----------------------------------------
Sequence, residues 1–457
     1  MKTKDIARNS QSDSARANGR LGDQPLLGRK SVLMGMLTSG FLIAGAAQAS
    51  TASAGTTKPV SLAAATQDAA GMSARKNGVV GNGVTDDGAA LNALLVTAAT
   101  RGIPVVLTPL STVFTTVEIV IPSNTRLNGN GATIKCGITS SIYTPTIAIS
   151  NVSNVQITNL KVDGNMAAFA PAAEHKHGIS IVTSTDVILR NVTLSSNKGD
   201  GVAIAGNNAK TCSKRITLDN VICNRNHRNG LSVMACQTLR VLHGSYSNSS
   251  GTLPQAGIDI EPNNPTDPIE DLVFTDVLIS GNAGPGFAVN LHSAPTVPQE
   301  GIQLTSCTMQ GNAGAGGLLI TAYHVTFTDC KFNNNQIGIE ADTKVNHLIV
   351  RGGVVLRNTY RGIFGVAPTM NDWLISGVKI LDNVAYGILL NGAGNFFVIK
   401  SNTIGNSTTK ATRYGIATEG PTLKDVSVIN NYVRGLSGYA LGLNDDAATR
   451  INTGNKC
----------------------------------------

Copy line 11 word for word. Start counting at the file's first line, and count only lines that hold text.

   451  INTGNKC